Archive for November, 2008

Remembering Pierre Berton

November 14, 2008 Leave a comment

I’m at the Bright Pearl Restaurant on Spadina Avenue in Toronto, helping celebrate the memory of Pierre Berton at the sixth annual fund-raiser for the Berton Writers’ Retreat in Dawson City, Yukon.

This is a  fine event for anyone with an appreciation of Pierre Berton’s iconic role as Canada’s great popular historian. More than that, it’s an opportunity to signal the importance of keeoing alive an  appreciation for Canada’s past and the people who have contributed to making our country what it is today.

Last night’s dinner did just this, with the presentation of the Pierre Berton Award for contributions to the popularizing of Canadian history. It’s a prestigious award presented by the National History Society, publishers of The Beaver magazine (for which I’ve written a few articles).

This year’s prize went to the organizers of an online project for students, Great Unsolved Mysteries in Canadian History. It has web sites posing clues and questions about mysteries of the Canadian past, challenging students to figure out who or what was involved.

Elsa Franklin, longtime manager for Pierre Berton, organizes these dinners under the aegis of the Writers’ Trust of Canada. The Bright Pearl was one of Pierre’s favorite restaurants and there were lots of literary celebrities among the 250 guests. I suspect the evening may have set a fund-raising record for the Berton Writers’ Retreat. The Retreat is Berton’s boyhood home, which he donated to a public trust.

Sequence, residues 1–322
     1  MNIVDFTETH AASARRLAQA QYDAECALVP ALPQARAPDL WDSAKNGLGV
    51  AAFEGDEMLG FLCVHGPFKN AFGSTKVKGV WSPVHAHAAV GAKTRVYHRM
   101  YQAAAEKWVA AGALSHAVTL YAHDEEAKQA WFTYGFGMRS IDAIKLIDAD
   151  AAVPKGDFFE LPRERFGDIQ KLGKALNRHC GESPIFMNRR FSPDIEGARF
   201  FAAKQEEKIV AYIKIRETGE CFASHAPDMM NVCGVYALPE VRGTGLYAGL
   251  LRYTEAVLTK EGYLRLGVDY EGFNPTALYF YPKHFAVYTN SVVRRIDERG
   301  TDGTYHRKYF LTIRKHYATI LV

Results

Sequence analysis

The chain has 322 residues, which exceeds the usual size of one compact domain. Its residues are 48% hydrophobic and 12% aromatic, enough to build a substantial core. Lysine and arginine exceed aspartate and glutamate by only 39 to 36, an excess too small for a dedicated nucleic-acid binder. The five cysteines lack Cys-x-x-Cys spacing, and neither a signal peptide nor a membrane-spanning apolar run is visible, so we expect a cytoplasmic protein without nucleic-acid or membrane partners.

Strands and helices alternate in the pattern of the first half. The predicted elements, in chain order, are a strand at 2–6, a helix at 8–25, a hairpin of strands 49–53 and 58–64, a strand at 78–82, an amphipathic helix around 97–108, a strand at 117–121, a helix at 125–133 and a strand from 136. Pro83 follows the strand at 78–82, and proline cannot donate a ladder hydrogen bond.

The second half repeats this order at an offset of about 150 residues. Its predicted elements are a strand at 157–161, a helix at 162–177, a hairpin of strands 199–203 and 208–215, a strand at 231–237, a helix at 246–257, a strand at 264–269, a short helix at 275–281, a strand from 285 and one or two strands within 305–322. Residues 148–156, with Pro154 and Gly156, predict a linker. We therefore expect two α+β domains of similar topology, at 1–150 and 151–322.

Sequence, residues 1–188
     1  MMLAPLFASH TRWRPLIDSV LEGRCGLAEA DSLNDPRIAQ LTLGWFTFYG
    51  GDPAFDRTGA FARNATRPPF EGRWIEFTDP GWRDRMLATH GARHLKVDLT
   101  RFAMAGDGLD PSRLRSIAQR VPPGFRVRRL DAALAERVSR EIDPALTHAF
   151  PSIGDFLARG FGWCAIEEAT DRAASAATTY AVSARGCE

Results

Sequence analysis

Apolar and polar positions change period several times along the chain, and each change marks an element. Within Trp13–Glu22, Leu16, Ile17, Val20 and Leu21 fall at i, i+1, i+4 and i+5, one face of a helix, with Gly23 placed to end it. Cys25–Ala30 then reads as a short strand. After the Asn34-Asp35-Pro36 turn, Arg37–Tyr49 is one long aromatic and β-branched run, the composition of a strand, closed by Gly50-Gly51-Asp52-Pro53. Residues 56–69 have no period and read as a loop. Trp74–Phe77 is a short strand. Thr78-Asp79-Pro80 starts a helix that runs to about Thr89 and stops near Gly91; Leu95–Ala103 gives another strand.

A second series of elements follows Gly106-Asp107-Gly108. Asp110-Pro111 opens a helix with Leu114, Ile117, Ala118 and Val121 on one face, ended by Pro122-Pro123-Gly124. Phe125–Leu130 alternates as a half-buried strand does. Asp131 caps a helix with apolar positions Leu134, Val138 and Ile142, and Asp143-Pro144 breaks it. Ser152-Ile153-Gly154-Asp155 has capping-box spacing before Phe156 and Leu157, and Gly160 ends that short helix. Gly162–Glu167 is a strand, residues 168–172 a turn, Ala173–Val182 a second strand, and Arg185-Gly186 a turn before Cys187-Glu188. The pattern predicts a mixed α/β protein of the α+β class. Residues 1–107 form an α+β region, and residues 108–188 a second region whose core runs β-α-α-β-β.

For me, the highlight of the evening is the video of Pierre reciting the great Robert Service poem, the Shooting of Dan McGrew.

A bunch of the boys were whooping it up in the Malamute saloon;
The kid that handles the music-box was hitting a jag-time tune;
Back of the bar, in a solo game, sat Dangerous Dan McGrew,
And watching his luck was his light-o’-love, the lady that’s known as Lou.

But there was more last night. A.B. McKillop, chair of the Department of History at Carleton University, was there to autograph copies of his new Berton biography.


McKillop’s book is the first definitive take on the life of the man who was a dominant figure in Canadian media and writing for half a century. I knew Pierre only casually, but I think I’ve read every one of his books and I’m looking forward to seeing how McKillop treats Berton in this one.

Last night was also a fun evening. We were treated to performances by two of the brightest stars of the Canadian entertainment firmament of the 70s and 80s, Dinah Christie and Catherine McKinnon.  Ron James gave one of the funniest (and longest) comedic monologues I’ve ever heard. He was incredibly amusing.

And we left with a Krups Espresso machine and a 750ml bottle of Remy Martin Champagne Cognac. A good evening!